Hats off to all the Single Parents out there ,,, Being a single parents is indeed a Tough job but from personal experience when someone asks me ,, how does it feel to be a single parent – my response is Adventurous , FUN , feels like you are on a ride 365 days an year ,, its upto us to like it or dislike it ,, and belive me liking it has immense advantages 🙂 .
    I am single parent to a 7 year old Girl child having lost my husband to cancer 5 years back ,, what have I learnt in these 5 years – a lot .. I learnt to be more patient , learnt to be non – judgemental ,leant to love people unconditionally – no ego hassle , learnt to be dependent on myself , learnt to eat as and when hungry , learnt to live life – and it is my kiddo who has taught me all this 🙂

    ** For all of you looking for a Single parents support group , we have one in delhi/NCR
    please get in touch –


  5. naveen

    Happy holi

  6. shachi bheda

    It’s amazing to know the story of a single mother and how they emerge out as strong winners… Can I know few NGOs in India that help cope up single parents like you mentioned in your summary.. Would be really great

More from Youth Ki Awaaz

Similar Posts

By Yuvaniya

By Abhishek Karadkar

By Ishmeet Kaur Mac

Wondering what to write about?

Here are some topics to get you started

Share your details to download the report.

We promise not to spam or send irrelevant information.

Share your details to download the report.

We promise not to spam or send irrelevant information.

An ambassador and trained facilitator under Eco Femme (a social enterprise working towards menstrual health in south India), Sanjina is also an active member of the MHM Collective- India and Menstrual Health Alliance- India. She has conducted Menstrual Health sessions in multiple government schools adopted by Rotary District 3240 as part of their WinS project in rural Bengal. She has also delivered training of trainers on SRHR, gender, sexuality and Menstruation for Tomorrow’s Foundation, Vikramshila Education Resource Society, Nirdhan trust and Micro Finance, Tollygunj Women In Need, Paint It Red in Kolkata.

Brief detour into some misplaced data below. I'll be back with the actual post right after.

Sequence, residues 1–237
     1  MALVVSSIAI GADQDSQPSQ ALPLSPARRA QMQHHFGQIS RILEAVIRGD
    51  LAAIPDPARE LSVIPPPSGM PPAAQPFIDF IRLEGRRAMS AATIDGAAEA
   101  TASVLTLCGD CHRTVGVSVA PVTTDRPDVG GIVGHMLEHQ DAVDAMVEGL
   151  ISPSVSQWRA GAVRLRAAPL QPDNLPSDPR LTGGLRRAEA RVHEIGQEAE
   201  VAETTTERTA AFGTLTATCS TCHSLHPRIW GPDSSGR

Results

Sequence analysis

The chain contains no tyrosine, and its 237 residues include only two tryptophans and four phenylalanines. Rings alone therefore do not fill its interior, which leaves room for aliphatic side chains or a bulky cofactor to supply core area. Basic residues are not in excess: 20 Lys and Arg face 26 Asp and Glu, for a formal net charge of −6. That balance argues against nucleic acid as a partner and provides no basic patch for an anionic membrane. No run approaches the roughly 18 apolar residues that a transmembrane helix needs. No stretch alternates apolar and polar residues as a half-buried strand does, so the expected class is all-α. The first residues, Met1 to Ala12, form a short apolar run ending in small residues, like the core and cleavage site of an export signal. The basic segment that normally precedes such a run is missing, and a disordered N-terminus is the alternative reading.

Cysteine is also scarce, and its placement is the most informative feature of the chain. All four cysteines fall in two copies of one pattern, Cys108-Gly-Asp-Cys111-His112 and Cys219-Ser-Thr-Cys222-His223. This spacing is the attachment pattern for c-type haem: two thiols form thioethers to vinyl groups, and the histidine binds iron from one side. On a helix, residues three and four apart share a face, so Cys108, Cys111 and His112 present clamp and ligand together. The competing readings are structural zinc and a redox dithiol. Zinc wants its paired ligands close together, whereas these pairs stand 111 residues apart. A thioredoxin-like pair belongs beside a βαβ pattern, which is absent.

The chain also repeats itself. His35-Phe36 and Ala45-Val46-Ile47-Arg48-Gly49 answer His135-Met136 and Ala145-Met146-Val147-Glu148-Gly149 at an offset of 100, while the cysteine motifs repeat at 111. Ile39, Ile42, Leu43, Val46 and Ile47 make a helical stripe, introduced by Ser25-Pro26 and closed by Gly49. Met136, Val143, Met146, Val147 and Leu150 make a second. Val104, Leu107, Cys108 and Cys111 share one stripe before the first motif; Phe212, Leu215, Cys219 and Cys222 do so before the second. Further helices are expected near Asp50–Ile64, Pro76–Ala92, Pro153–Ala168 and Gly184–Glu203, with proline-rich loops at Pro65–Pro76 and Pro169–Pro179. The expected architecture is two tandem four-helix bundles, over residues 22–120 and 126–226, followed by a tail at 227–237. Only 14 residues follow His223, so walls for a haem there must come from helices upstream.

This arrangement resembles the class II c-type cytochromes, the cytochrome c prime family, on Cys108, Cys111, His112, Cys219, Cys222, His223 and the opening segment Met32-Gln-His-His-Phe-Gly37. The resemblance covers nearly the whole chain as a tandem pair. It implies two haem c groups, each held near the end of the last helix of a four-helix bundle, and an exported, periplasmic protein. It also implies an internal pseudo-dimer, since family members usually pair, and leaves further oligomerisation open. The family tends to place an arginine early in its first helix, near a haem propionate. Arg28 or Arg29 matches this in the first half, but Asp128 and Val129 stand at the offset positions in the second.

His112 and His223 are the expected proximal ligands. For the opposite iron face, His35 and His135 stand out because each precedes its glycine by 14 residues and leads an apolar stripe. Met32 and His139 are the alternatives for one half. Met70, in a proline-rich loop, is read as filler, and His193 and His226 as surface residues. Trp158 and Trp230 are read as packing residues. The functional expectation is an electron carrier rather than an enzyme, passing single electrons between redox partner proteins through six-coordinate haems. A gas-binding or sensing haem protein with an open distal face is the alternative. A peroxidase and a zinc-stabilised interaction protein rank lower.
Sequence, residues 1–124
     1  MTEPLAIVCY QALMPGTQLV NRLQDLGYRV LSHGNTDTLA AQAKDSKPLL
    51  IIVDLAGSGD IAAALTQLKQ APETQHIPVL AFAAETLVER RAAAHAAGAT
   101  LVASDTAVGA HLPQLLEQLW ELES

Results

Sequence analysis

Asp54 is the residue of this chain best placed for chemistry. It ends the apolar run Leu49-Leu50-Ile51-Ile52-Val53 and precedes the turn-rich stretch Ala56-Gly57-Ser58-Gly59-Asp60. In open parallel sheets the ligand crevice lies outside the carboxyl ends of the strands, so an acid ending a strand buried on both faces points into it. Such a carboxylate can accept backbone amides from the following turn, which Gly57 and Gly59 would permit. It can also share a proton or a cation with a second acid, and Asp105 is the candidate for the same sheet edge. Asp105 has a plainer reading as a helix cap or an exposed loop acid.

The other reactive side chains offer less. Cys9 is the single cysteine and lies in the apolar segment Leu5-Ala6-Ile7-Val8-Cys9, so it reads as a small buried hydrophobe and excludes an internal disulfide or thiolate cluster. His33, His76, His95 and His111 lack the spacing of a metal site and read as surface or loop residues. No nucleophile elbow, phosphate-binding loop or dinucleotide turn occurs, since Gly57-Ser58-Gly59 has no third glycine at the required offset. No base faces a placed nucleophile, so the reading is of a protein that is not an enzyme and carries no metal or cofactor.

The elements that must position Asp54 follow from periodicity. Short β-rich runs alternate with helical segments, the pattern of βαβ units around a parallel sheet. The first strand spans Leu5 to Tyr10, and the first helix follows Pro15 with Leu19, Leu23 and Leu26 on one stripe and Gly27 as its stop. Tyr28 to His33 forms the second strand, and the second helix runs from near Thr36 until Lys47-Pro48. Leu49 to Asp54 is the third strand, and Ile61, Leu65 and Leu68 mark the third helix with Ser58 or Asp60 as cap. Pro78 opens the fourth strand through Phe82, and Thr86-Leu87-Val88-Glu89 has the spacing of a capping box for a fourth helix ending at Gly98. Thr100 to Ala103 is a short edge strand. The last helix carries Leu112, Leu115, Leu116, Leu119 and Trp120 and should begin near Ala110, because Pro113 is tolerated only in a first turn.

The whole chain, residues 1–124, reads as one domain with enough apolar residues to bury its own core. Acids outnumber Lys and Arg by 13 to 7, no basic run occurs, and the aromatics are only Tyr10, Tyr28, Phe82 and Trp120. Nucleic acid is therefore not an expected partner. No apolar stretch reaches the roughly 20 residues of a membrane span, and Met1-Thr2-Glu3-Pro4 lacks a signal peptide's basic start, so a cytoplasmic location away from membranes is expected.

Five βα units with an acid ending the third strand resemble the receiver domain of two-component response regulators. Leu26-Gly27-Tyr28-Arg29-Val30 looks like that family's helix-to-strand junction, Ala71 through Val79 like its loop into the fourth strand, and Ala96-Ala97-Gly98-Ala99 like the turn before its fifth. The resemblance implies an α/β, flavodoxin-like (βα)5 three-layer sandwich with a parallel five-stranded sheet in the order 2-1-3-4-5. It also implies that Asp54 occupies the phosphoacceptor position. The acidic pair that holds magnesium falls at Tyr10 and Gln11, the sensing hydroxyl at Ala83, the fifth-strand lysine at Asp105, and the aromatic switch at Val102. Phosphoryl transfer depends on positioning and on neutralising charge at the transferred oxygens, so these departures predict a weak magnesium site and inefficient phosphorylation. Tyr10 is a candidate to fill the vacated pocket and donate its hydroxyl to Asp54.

Now as an MH Fellow with YKA, she’s expanding her impressive scope of work further by launching a campaign to facilitate the process of ensuring better menstrual health and SRH services for women residing in correctional homes in West Bengal. The campaign will entail an independent study to take stalk of the present conditions of MHM in correctional homes across the state and use its findings to build public support and political will to take the necessary action.

Saurabh has been associated with YKA as a user and has consistently been writing on the issue MHM and its intersectionality with other issues in the society. Now as an MHM Fellow with YKA, he’s launched the Right to Period campaign, which aims to ensure proper execution of MHM guidelines in Delhi’s schools.

The long-term aim of the campaign is to develop an open culture where menstruation is not treated as a taboo. The campaign also seeks to hold the schools accountable for their responsibilities as an important component in the implementation of MHM policies by making adequate sanitation infrastructure and knowledge of MHM available in school premises.

Read more about his campaign.

Harshita is a psychologist and works to support people with mental health issues, particularly adolescents who are survivors of violence. Associated with the Azadi Foundation in UP, Harshita became an MHM Fellow with YKA, with the aim of promoting better menstrual health.

Her campaign #MeriMarzi aims to promote menstrual health and wellness, hygiene and facilities for female sex workers in UP. She says, “Knowledge about natural body processes is a very basic human right. And for individuals whose occupation is providing sexual services, it becomes even more important.”

Meri Marzi aims to ensure sensitised, non-discriminatory health workers for the needs of female sex workers in the Suraksha Clinics under the UPSACS (Uttar Pradesh State AIDS Control Society) program by creating more dialogues and garnering public support for the cause of sex workers’ menstrual rights. The campaign will also ensure interventions with sex workers to clear misconceptions around overall hygiene management to ensure that results flow both ways.

Read more about her campaign.

MH Fellow Sabna comes with significant experience working with a range of development issues. A co-founder of Project Sakhi Saheli, which aims to combat period poverty and break menstrual taboos, Sabna has, in the past, worked on the issue of menstruation in urban slums of Delhi with women and adolescent girls. She and her team also released MenstraBook, with menstrastories and organised Menstra Tlk in the Delhi School of Social Work to create more conversations on menstruation.

With YKA MHM Fellow Vineet, Sabna launched Menstratalk, a campaign that aims to put an end to period poverty and smash menstrual taboos in society. As a start, the campaign aims to begin conversations on menstrual health with five hundred adolescents and youth in Delhi through offline platforms, and through this community mobilise support to create Period Friendly Institutions out of educational institutes in the city.

Read more about her campaign. 

A student from Delhi School of Social work, Vineet is a part of Project Sakhi Saheli, an initiative by the students of Delhi school of Social Work to create awareness on Menstrual Health and combat Period Poverty. Along with MHM Action Fellow Sabna, Vineet launched Menstratalk, a campaign that aims to put an end to period poverty and smash menstrual taboos in society.